As with almost all Tsukamoto films there are scenes in Kotoko of extreme graphic violence, yet the film also displays a tenderness that is unlike anything the director has been able accomplish before, perhaps the closest he has come to this in the past would be the slight misfire that was 2004's Vital. The realistic feel of Kotoko's world gives weight to its intensities and makes for an often unsettling viewing experience. Some viewers may find the themes and images too graphic to watch, but personally I find it refreshing to see a treatment of violence on-screen that is emotionally and psychologically moving as well as visually shocking.


It is hard not to see Kotoko as a turning point for Tsukamoto, a new visual style has been marked out and a turn towards 'realistic' themes works surprisingly well overall. Fans of his previous films will undoubtedly find a lot to love within this film, a film that most closely resembles A Snake of June and Bullet Ballet from his back catalogue. Whilst not perfect - a few too many self-harm scenes and some slight pacing problems here and there - Kotoko is an undeniably unique and creative film that hits incredibly hard and leaves you with a lot to think about. An intense and brutal film that shows a different side to Tsuakmoto and makes me wonder where he might go next.

8/10

Released on Blu-Ray and DVD by Third Window Films



Posted: 21st June 2013

3 comments:

  1. Ponyboy Curtis26 June 2013 at 05:18

    I didn't see Vital as a misfire at all. It had a significantly different approach to narrative for Tsukamoto's style, but I felt that it worked as something different (and it even displays itself a little here in the last five or so minutes--feeling almost Kitano-y). KOTOKO was great, though it did have some major issues (such as Tsukamoto's rather abrupt disappearance, which I felt was rather odd, and there were a few jump scenes I felt were largely unnecessary); as for the singing, the very large section in the middle was very hard to stop watching.

    As a side note, I'm quite pleased to hear Third Window will be handling Tokyo Fist. The Manga Fox copy's subtitles are in an very distracting, ugly font which are almost invisible when the screen has too much white/gray underneath.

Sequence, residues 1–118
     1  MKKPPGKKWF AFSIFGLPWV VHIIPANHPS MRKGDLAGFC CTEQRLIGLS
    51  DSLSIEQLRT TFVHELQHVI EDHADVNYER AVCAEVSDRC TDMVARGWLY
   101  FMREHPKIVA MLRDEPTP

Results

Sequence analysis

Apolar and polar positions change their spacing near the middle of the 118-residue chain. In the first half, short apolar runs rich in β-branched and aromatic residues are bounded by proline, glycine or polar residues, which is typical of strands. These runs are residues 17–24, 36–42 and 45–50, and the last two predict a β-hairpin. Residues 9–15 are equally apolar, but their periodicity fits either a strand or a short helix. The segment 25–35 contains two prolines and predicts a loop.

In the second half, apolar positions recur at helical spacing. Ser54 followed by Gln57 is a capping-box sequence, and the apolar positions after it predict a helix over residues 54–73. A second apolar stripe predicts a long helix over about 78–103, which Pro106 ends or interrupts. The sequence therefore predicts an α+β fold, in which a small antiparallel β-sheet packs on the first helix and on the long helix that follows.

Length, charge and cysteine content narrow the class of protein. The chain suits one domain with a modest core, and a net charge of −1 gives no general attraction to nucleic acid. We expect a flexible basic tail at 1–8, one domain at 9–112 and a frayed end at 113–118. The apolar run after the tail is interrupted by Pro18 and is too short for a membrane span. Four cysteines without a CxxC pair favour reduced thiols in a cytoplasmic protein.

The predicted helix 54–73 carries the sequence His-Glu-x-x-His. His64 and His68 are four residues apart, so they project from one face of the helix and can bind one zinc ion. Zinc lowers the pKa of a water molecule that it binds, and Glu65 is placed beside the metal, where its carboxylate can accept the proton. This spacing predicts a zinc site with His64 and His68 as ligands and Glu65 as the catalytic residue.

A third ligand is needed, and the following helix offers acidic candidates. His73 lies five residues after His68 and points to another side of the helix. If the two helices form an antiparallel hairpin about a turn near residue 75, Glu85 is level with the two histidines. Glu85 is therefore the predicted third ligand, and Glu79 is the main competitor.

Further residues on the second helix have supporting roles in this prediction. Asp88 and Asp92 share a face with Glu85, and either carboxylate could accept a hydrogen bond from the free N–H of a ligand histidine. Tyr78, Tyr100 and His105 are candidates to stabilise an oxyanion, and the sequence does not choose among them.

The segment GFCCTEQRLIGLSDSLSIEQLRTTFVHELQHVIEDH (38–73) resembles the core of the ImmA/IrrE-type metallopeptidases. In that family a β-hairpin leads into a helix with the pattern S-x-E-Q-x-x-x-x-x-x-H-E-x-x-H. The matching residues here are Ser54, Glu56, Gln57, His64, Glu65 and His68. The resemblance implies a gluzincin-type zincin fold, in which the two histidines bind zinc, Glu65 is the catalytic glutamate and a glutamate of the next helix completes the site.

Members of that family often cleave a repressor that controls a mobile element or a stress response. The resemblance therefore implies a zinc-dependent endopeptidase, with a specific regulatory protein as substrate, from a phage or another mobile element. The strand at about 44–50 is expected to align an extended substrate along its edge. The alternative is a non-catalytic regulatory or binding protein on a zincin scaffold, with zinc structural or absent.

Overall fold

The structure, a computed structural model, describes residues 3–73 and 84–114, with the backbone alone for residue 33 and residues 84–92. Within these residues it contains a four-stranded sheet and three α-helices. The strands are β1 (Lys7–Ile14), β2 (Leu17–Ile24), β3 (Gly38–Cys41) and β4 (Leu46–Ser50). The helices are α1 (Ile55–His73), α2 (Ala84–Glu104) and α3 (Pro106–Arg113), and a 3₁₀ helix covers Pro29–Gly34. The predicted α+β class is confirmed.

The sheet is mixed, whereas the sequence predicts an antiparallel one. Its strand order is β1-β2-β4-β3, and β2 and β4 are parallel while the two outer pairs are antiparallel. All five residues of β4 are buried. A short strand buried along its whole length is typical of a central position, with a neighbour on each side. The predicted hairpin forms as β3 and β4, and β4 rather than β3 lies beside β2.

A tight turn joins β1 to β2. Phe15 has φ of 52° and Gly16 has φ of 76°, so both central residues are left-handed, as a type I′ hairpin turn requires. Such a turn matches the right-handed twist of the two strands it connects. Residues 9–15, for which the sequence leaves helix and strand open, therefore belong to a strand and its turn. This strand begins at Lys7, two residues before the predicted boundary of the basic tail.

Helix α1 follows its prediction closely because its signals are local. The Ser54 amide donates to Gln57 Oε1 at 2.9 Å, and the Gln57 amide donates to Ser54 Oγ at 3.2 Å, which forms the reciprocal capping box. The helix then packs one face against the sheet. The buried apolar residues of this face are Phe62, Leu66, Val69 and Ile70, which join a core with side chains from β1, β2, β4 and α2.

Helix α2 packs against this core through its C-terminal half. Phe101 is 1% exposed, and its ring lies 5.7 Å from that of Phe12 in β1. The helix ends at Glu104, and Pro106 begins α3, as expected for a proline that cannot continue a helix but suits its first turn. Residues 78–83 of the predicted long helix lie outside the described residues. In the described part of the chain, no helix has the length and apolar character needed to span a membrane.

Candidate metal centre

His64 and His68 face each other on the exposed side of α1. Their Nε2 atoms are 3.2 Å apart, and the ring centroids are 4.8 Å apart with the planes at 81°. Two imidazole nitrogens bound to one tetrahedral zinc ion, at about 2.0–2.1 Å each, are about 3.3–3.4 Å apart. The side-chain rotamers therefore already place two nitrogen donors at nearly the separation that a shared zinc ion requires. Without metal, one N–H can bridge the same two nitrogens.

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  2. Firstly, thanks for reading and for commenting. Means a lot that someone out there actually reads what I put out.

    As for Vital, maybe it was the Tadanobu Asano (who plays the lead) 'silent cool' acting style that rubbed me the wrong way... I loved him in Ichi The Killer but that's about it. I have to admit I liked Vital alot more the second time round but overall I'm not a big fan of it... my girlfriend absolutely despised it!

    Yeah, Third Window are doing Bullet Ballet too which apparently comes out on Christmas Day! I watched Tokyo Fist again recently and the burnt-in subtitles are awful.

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    Replies
    1. Ponyboy Curtis26 June 2013 at 12:27

      Haha I heard about the new Devo release and saw this in the related articles. I'm glad someone else has the same taste in bloody weird.

      Asano seems to have a very limited acting capability. He's much louder in Sogo Ishii's "Electric Dragon" if you can/want to check a copy of that. I'm used to that approach--Kitano does it ALL the time.

      (Also I'm a Cronenberg fan and I absolutely loved the autopsy aspect of Vital, so perhaps I'm a little biased.)

      Thanks for that info; I heard good things about their Tetsuo printing but the only Third Window I own is KOTOKO (and I own the Tartan releases of his other films myself). I suppose they do a good job?

      (and on a sidenote, I absolutely agree: I can't wait to see where he goes next. He's getting more mature and has been since...well, Vital.)